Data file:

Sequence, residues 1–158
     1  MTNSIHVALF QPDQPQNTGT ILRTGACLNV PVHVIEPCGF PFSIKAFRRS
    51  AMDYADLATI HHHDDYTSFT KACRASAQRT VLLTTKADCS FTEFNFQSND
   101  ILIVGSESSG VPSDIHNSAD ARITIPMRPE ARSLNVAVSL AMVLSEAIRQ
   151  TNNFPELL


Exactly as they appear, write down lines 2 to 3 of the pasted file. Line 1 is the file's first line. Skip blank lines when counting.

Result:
     1  MTNSIHVALF QPDQPQNTGT ILRTGACLNV PVHVIEPCGF PFSIKAFRRS
    51  AMDYADLATI HHHDDYTSFT KACRASAQRT VLLTTKADCS FTEFNFQSND